TUCKER SHAW is a writer and editor whose latest novel, When You Call My Name, follows two gay teenagers as they navigate the complex world of New York City in 1990.
Tucker is one of the speakers for our YA Symposium, The Young and the Reckless: Writing for Teens.
Q1: What life experiences have shaped your writing most?
Reading. Listening. Friendship. Heartbreak. Falling in love (again).
Q2: Were you a young writer, a late bloomer, or something in between? What advice would you give to others who took up writing at a similar life phase?
I was a young writer, in the sense that I always loved the puzzle of sentence-building and the rhythms of language. It wasn’t until much later –much later – when I trusted that I actually had something worthwhile to really write about. My advice: No matter what phase of life you’re in, start writing and never stop. Even if you don’t know what to write about. Always play with words, always make sentences. Keep the muscle loose for that moment when you really know what you need to write.
Q3: How do you deal with emotional impact of a book (on yourself) as you are writing the story?
The only way through is through, and while it’s important to keep a check on your health (physical and mental) as you write, you must also find the courage to walk into the fire. Sometimes you have to dig fairly deep to find it. It can feel lonely in the fire, disorienting, sometimes painful. And there are moments when you’ll wonder why you’re doing this. Remember your goal. Remind yourself that you are in charge. If you can write your way into the fire, you can write your way out of it, too. Trust yourself. You’ve got you.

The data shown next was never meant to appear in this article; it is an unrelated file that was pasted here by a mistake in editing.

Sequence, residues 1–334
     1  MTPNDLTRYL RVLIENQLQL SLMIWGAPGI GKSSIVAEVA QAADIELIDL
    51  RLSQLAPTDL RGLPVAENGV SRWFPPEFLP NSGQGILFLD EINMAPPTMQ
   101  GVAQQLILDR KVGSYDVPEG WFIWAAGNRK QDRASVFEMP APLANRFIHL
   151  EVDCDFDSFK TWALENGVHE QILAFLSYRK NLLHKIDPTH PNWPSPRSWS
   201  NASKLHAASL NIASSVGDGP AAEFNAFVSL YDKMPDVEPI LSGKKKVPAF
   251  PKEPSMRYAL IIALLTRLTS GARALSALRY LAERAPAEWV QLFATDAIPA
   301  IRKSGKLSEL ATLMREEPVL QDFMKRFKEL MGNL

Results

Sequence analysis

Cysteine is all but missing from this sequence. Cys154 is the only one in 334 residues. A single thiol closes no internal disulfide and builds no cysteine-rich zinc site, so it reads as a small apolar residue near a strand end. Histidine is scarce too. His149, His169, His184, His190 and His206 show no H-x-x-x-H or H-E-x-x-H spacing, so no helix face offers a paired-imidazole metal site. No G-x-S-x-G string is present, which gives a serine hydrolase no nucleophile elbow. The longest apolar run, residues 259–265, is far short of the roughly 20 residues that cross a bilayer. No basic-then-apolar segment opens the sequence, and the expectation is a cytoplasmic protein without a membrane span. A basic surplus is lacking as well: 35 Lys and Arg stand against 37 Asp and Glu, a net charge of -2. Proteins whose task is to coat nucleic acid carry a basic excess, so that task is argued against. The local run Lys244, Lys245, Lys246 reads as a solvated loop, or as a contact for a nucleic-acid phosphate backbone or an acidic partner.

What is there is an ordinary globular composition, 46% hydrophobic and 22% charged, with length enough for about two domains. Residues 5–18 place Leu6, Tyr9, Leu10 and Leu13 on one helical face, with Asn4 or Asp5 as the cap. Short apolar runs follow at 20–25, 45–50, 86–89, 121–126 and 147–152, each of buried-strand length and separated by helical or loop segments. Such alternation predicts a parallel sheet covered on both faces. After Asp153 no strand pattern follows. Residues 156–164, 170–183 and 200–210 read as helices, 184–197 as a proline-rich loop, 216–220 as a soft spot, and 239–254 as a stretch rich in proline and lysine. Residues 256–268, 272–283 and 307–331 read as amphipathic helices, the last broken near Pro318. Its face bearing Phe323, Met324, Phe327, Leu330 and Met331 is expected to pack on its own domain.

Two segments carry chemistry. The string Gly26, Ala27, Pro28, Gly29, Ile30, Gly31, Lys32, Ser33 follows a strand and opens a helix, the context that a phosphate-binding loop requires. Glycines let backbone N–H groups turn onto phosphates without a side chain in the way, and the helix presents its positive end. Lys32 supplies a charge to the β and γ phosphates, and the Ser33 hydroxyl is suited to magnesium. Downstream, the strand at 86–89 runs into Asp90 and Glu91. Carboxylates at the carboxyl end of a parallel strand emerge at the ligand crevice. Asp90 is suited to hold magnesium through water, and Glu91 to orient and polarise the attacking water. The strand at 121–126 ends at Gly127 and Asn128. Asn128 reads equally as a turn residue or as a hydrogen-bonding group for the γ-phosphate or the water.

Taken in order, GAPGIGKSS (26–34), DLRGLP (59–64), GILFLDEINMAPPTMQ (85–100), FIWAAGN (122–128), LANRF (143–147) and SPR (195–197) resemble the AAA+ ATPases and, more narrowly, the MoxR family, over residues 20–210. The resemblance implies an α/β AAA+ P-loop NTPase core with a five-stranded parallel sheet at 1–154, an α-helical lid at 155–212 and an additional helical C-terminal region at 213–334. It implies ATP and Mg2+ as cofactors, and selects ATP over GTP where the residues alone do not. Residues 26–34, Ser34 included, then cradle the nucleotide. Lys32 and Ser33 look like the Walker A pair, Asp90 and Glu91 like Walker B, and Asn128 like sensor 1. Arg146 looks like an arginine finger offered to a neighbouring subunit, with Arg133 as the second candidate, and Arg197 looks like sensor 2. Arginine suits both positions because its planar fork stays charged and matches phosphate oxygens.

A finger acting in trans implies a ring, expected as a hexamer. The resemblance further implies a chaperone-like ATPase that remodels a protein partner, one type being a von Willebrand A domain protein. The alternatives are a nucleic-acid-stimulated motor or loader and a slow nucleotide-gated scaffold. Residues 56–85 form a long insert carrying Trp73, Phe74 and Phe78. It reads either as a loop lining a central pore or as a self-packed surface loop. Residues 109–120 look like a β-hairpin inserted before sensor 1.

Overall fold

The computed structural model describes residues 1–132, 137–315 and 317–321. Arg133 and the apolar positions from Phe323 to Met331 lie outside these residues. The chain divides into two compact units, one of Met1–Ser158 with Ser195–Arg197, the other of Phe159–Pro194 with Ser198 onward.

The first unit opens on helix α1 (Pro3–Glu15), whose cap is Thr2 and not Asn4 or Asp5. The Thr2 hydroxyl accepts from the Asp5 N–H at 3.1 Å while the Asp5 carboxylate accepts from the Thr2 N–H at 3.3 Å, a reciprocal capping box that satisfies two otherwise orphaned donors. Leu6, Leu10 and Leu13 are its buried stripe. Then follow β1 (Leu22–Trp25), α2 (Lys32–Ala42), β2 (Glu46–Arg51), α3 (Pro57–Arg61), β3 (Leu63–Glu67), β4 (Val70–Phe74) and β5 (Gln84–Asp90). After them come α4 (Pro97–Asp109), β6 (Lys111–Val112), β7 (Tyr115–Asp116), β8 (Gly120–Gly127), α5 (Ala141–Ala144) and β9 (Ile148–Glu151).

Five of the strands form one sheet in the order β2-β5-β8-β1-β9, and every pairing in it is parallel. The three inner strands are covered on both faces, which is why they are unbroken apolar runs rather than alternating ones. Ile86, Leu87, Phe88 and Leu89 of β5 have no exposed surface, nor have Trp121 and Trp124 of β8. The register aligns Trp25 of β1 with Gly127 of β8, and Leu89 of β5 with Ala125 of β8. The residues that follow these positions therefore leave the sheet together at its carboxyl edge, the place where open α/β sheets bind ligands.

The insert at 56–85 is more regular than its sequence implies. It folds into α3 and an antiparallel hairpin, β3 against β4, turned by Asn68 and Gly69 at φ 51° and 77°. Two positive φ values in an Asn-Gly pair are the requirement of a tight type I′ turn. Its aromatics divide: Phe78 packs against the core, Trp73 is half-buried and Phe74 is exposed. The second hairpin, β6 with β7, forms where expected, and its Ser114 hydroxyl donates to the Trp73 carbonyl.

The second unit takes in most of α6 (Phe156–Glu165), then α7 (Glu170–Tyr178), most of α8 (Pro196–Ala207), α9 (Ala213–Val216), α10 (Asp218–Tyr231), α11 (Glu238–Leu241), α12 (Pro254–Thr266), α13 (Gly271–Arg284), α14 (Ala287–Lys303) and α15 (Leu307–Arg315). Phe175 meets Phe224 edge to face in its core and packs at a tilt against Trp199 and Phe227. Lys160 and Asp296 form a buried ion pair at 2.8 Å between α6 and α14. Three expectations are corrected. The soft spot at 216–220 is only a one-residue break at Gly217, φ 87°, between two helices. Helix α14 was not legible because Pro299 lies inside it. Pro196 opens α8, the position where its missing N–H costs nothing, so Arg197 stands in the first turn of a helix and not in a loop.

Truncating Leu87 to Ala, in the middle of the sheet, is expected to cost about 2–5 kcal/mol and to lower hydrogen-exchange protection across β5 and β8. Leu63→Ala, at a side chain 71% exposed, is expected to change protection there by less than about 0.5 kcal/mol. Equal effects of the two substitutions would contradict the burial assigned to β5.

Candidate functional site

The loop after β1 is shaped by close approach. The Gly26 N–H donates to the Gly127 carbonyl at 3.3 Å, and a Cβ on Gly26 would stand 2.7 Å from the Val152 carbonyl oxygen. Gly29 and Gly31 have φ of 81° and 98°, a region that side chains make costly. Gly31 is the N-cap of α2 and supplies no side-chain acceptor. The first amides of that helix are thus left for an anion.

Q4: What’s the one piece of advice you’d give to the writers attending the symposium?
The best time to write is right now. Don’t be precious about when and where you write. Sure, it’d be nice to have a perfect little cabin in the woods, or a perfect cottage overlooking the sea, or a perfect artist’s studio in the city. But even if you have a perfect place, always be willing to write anywhere, anytime, with no warm up. Even just a sentence, or a phrase, or a slapdash description. Inspiration rarely follows your schedule, but when it shows up, it’s always on time. (It’s also fickle, and may not come back for a while, so grab it and run, as far as you can, for as long as you can.)
Tucker’s lecture for the symposium is titled: Writing from Personal Experience (Without Making it All About You)
What does it mean to “write what you know?” What does it look like to dig into your personal history for inspiration? How do you assess what’s valuable for your story, and what’s best saved for another day? My latest novel, while fiction, takes place in a time and place that I once inhabited and know well. But to make my personal experiences work in a book that would resonate with others, I had to edit and re-cast my memories, without sacrificing what makes them personal to me. So can you.
Learn more about Tucker Shaw
Web site: www.tuckershawwrites.com